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Business Plan Financials in Plain English – Cash Flow Statement – Part 15 of the 2009 Business Plan Series

by Steve Fisher on February 27, 2009

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The cash flow statement reports the cash generated and used during the time interval specified in its heading. The period of time that the statement covers is chosen by the company. For example, the heading may state “For the Three Months Ended December 31, 2007″ or “The Fiscal Year Ended September 30, 2008″. For many, looking at a cash flow statement it looks a bit weird but it provides a different, yet critically important view of the business.

How is this different than the Income Statement stuff you just talked about in a previous section?

Think of the income statement as a view of revenues booked and expenses accrued. Which means that it is not an accurate picture of how much cash is really on hand. That is where the cash flow statement provides this view of the business.

Investipedia puts it the best:

“The cash flow statement differs from these other financial statements because it acts as a kind of corporate checkbook that reconciles the other two statements. Simply put, the cash flow statement records the company’s cash transactions (the inflows and outflows) during the given period. It shows whether all those lovely revenues booked on the income statement have actually been collected. At the same time, however, remember that the cash flow does not necessarily show all the company’s expenses: not all expenses the company accrues have to be paid right away. So even though the company may have incurred liabilities it must eventually pay, expenses are not recorded as a cash outflow until they are paid (see the section “What Cash Flow Doesn’t Tell Us” below).”

So how can some one have negative net income on their income statement and still be in business?

This is where the cash flow statement comes in. Because the income statement is prepared under the accrual basis of accounting, the revenues reported may not have been collected (translation: you book the business but you haven’t gotten the money yet). Similarly, the expenses reported on the income statement might not have been paid. This is why you leverage the balance sheet which we just covered in part 14. You could review the balance sheet changes to determine the facts, but the cash flow statement already has integrated all that information. As a result, savvy business people and investors utilize this important financial statement.

Four Sections of the Cash Flow Statement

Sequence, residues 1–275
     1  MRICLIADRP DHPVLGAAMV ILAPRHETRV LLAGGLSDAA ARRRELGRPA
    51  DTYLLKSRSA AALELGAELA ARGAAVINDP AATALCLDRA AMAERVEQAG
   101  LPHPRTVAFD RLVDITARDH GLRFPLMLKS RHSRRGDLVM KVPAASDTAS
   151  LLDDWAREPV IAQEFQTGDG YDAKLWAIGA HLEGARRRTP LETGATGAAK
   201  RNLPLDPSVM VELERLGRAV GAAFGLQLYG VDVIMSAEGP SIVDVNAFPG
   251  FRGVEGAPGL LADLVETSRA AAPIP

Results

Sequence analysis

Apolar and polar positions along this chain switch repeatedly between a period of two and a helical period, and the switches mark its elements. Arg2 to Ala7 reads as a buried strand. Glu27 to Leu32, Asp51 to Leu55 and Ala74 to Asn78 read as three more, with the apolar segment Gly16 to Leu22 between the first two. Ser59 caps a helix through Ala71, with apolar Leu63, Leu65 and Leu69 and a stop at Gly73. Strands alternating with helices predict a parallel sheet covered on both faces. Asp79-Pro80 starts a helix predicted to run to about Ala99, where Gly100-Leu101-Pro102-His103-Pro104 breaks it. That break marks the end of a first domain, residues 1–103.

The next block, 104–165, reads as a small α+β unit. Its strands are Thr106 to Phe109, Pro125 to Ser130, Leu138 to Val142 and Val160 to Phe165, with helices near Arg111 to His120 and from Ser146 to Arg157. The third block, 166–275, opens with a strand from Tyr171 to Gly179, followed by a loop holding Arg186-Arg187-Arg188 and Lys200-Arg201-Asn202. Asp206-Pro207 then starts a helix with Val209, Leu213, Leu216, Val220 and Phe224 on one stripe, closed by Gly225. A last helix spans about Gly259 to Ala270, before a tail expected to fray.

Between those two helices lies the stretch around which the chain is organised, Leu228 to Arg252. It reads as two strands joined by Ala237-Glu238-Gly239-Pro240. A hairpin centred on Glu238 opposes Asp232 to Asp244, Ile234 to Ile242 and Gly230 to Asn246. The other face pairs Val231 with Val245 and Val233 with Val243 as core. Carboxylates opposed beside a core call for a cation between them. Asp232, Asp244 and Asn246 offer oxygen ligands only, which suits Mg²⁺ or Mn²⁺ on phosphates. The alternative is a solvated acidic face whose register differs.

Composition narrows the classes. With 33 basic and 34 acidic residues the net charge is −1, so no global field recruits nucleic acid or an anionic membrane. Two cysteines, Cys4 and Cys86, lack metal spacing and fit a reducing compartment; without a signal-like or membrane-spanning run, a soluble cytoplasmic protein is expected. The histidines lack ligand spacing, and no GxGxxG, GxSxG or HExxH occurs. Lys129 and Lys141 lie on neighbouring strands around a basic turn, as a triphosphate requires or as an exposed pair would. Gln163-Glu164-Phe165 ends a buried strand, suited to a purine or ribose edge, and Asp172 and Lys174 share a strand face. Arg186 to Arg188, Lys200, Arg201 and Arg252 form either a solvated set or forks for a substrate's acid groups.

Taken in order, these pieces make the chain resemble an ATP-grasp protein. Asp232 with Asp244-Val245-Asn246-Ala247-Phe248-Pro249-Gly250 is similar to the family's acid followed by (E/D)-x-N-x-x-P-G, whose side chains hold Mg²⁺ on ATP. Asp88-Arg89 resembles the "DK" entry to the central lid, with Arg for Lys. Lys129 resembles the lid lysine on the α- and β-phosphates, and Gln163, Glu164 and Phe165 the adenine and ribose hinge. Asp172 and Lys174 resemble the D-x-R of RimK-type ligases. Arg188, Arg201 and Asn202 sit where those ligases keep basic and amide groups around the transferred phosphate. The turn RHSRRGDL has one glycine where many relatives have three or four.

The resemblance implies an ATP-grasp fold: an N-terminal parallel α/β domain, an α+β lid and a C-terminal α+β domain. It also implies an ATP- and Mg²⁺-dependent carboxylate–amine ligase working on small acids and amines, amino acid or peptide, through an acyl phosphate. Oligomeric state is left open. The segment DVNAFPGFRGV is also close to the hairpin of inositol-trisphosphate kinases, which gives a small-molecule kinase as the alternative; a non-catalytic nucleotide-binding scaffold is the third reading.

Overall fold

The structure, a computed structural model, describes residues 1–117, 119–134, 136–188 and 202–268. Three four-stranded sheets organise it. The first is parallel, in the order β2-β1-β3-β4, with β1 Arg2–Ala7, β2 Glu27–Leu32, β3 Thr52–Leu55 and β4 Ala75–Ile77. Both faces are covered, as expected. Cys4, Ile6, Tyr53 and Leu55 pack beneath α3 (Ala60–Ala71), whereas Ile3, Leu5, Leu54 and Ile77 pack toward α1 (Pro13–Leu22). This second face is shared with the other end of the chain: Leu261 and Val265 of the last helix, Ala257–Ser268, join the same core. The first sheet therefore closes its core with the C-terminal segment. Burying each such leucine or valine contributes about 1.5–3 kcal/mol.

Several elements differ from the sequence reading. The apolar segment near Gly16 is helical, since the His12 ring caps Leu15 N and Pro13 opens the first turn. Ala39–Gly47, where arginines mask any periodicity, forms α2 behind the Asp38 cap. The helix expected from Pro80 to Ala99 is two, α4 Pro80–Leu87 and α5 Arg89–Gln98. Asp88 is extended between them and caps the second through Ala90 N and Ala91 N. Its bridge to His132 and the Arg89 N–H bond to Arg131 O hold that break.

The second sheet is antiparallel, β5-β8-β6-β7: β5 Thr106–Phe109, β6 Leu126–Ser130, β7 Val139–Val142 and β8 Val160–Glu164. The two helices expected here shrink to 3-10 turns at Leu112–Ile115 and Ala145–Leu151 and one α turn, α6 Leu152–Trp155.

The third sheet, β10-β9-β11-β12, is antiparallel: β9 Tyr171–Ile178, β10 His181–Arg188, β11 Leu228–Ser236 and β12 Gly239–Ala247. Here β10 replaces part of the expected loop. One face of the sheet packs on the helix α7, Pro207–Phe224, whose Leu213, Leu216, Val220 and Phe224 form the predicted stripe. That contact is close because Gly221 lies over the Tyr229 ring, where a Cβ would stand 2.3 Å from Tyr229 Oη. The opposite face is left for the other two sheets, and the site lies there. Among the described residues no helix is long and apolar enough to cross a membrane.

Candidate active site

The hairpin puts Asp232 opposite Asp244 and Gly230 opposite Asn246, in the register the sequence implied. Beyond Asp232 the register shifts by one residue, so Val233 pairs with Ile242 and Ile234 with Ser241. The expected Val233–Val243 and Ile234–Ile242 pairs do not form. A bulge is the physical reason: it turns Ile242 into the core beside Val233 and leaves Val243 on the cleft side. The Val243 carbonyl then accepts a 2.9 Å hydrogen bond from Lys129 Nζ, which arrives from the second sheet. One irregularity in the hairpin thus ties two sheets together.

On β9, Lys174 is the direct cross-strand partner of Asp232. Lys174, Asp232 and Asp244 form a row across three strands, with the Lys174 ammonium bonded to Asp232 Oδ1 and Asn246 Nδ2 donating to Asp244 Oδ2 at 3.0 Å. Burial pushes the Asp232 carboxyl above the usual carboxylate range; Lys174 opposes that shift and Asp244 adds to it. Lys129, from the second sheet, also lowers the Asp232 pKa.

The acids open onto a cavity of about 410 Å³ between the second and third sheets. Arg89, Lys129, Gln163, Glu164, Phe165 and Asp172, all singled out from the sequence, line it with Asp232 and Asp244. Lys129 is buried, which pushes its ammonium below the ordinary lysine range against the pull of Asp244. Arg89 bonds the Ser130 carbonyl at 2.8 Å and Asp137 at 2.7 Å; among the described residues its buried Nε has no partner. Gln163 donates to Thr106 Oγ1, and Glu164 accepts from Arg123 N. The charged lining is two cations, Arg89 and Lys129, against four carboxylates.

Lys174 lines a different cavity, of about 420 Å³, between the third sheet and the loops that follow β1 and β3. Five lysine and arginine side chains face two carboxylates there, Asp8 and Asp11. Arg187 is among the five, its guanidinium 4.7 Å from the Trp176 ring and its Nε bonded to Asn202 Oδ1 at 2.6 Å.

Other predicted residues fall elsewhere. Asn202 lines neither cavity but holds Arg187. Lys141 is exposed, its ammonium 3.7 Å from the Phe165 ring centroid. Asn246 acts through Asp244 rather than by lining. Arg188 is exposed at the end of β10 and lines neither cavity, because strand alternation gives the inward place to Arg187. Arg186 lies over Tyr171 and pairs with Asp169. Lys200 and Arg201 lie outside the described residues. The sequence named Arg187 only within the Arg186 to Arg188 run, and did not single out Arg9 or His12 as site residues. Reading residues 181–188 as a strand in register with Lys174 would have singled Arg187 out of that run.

The cash flow statement organizes and reports the cash generated and used in the following categories:

SECTION 1: Operating activities
Converts the items reported on the income statement from the accrual (you book the sale but you might not have the money yet) basis of accounting and includes the following:

  • Cash receipts from sales or for the performance of services
  • Payroll and other payments to employees
  • Payments to suppliers and contractors
  • Rent payments
  • Payments for utilities
  • Tax payments

SECTION 2: Investing activities
Investing activities include capital expenditures – disbursements that are not charged to expense but rather are capitalized as assets on the balance sheet.  Investing activities also include investments (other than cash equivalents as indicated below) that are not part of your normal line of business.  These cash flows could include:

  • Purchases of property, plant and equipment
  • Proceeds from the sale of property, plant and equipment
  • Purchases of stock or other securities (other than cash equivalents)
  • Proceeds from the sale or redemption of investments

SECTION 3: Financing activities
Financing activities include cash flows relating to the business’s debt or equity financing:

  • Proceeds from loans, notes, and other debt instruments
  • Installment payments on loans or other repayment of debts
  • Cash received from the issuance of stock or equity in the business
  • Dividend payments, purchases of treasury stock, or returns of capital

SECTION 4: Supplemental information
Reports the exchange of significant items that did not involve cash and reports the amount of income taxes paid and interest paid.

Two Ways that a Cash Flow Statement is Generated
There are two methods for preparing the cash flow statement – the direct method and the indirect method.  Both methods yield the same result, but different procedures are used to generate the cash flow statement. If you want a great accounting lesson that is not in plain English but extremely good, this site has a page on the Direct Method and the Indirect Method.

Final Thoughts on the Cash Flow Statement

Cash fuels a business, but there are certain things that the cash flow statement doesn’t shed light on. It doesn’t tell the whole profitability story, and the cash flow statement doesn’t do a very good job of indicating the overall financial well-being of the company. It indicates what the company is doing with its cash and where cash is being generated, but it does not account for liabilities and assets, which are recorded on the balance sheet. Furthermore accounts receivable and accounts payable, each of which can be very large for a company, are also not reflected in the cash flow statement.

The bottom line is that the cash flow statement is a compressed version of the company’s checkbook that includes a few other items that affect cash and you should use the income statement and the balance sheet together to provide a clear multi-dimensional view of the business. Hopefully, with these last three sections of the business plan series that the financial section will make more sense to you.

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